2. Keeps logs and manuals current by maintaining and updating all manuals and dispatch logs for radio/telephone, key checkout logs, key inventory records, student roster, building logs, skateboard violations, event schedules, vehicle clamp logs, escort logs, dispatcher notes, calls for service, daily incident summaries, and the 911 log.
3. Serves as system administrator for the computerized dispatch system by monitoring daily logs, reporting requirements, and field activities to track and revise call types, call closure codes, and other aspects of the system and runs and evaluates reports to track departmental activities and system updates.
4. Serves as administrator of the video surveillance systems by inspecting and monitoring camera operations and viewing and copying surveillance footage for investigative purposes.
5. Helps to assure campus safety and security by monitoring the scanner (SPD, GSO, MSHP, SFD, EMS, CD, NWS) and other receivers for situations involving the University, monitoring the Weather Channel radar for pending severe weather, monitoring surveillance cameras, programming and updating new alarm accounts for University alarm systems, activating the Tornado Warning System as needed, activating and maintaining snow Audix as needed for inclement weather, monitoring the shuttle system radio and phones, escort and elevator phones, backing up computer files including the alarm computer system, and closely monitoring the University’s various alarm systems.
6. Receives and dispatches emergency and non-emergency telephone and radio traffic to appropriate officers by determining critical information needed for processing a call, establishing the nature of the incident, determining what agencies need to respond, and maintaining accurate records of the incident.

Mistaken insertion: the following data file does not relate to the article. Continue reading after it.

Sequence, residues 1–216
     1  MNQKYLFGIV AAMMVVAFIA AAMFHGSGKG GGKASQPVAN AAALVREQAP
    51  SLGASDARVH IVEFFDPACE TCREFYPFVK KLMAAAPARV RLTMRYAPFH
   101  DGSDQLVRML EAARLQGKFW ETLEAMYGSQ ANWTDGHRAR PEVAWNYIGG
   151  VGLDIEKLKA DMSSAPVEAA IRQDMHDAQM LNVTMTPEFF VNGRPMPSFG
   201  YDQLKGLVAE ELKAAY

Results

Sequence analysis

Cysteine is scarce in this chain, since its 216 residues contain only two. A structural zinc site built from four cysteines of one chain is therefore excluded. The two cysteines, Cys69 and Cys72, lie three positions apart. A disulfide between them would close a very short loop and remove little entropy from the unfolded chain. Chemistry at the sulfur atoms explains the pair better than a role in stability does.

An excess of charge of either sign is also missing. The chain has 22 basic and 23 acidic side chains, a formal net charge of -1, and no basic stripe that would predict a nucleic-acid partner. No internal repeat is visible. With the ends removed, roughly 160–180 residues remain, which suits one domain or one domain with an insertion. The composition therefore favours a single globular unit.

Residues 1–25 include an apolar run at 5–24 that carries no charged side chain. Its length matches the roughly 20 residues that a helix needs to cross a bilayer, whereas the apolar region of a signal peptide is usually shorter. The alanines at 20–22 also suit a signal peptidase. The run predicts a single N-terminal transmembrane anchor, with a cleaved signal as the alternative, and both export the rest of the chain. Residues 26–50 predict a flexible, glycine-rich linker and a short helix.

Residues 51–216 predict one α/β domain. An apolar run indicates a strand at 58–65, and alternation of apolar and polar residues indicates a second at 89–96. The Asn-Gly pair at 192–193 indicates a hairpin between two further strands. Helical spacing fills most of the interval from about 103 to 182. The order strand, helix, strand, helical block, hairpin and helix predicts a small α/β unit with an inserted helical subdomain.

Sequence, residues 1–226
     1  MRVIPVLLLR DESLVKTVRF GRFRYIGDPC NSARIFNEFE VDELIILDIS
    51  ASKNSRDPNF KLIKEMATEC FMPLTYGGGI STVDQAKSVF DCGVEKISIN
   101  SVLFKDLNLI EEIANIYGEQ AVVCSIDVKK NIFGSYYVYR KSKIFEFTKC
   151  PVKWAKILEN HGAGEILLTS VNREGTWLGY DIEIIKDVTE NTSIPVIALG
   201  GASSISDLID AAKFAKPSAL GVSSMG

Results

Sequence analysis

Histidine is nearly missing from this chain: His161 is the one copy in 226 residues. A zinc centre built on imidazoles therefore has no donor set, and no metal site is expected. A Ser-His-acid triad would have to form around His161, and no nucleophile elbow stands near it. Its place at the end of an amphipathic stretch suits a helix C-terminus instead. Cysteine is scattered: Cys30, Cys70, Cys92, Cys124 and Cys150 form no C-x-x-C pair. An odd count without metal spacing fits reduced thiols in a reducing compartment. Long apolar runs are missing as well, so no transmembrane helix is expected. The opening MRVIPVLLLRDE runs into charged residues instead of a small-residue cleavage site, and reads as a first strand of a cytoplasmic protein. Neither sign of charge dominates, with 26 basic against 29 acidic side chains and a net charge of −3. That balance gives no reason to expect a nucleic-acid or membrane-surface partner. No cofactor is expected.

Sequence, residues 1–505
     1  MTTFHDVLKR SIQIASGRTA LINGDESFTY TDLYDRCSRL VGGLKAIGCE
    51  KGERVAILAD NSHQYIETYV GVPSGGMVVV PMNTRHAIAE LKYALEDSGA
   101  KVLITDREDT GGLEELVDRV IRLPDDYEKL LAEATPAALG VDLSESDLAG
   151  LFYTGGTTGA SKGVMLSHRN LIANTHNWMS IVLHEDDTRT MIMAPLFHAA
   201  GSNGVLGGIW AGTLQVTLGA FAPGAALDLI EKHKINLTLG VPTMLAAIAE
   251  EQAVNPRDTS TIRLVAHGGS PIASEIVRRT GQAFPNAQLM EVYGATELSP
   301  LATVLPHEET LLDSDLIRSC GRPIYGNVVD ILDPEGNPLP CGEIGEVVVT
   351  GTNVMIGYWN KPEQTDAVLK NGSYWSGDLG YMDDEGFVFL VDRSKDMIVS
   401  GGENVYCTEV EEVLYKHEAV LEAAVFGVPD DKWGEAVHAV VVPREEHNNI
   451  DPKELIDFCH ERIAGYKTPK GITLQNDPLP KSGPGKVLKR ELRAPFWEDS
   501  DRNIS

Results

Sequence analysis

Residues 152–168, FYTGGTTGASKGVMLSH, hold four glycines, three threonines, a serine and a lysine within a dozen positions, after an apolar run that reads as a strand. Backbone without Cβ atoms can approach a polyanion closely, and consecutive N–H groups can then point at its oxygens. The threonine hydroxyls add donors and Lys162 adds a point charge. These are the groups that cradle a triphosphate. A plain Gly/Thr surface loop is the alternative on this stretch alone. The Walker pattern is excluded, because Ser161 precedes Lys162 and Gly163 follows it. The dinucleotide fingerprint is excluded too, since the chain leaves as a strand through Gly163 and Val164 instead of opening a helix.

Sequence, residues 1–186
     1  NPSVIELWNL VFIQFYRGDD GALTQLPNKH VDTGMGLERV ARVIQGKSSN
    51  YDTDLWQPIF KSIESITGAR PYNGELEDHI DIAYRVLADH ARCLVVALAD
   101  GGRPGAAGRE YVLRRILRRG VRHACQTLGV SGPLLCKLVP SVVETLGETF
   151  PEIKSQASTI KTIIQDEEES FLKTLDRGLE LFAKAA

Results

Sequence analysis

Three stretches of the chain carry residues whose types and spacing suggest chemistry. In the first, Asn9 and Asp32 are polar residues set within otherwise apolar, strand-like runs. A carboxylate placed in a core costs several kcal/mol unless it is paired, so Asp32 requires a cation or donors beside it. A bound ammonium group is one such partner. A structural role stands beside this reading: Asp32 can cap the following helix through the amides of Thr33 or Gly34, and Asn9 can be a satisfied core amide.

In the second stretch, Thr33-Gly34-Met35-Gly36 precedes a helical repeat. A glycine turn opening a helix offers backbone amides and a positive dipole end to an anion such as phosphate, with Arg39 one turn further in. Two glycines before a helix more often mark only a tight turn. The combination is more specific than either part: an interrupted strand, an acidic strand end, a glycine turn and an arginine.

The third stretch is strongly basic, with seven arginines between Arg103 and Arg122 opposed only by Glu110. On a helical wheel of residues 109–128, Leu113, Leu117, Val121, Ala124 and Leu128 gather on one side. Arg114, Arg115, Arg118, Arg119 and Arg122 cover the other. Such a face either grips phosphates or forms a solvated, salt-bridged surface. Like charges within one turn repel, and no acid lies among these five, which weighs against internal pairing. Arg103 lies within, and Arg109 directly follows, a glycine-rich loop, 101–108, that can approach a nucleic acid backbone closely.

7. Assist faculty, staff, students, and the public by locating individuals on campus for emergency messages, utilizing TDD services for hearing-impaired callers, accepting and logging lost and found items, assisting in registering and maintaining the Motor Pool fleet for University business, and registering bicycles.
8. Helps the Office of Safety and Transportation meet its objectives by responding to officers’ requests for information regarding vehicle registrations, student/staff directory information, and other requests as needed.
9. Maintains confidentiality regarding sensitive departmental business by exercising professional judgment in discussing departmental affairs outside the department and assures confidentiality is maintained regarding records check requests.
10. Remains competent and current through self directed reading of procedural manuals, a variety of resource material, and study of current fire and police operations, developing professional contact with colleagues, attending professional development courses, and attending training and/or courses required by the Assistant Director, Safety.
11. Contributes to a work environment that encourages knowledge of, respect for, and development of skills to engage with those of other cultures or backgrounds.
12. Supports the overall success of the Office of Safety and Transportation by performing all other duties as assigned.
The Radio Communications Supervisor is supervised by the Assistant Director, Safety and Transportation and supervises Dispatchers.
OFFICE OF HUMAN RESOURCES
REVISED JANUARY 2016
JOB FAMILY 2
Factor 1: Educational Requirements of the Job
Level 2 - 100 Points: The job requires a high school diploma or equivalent.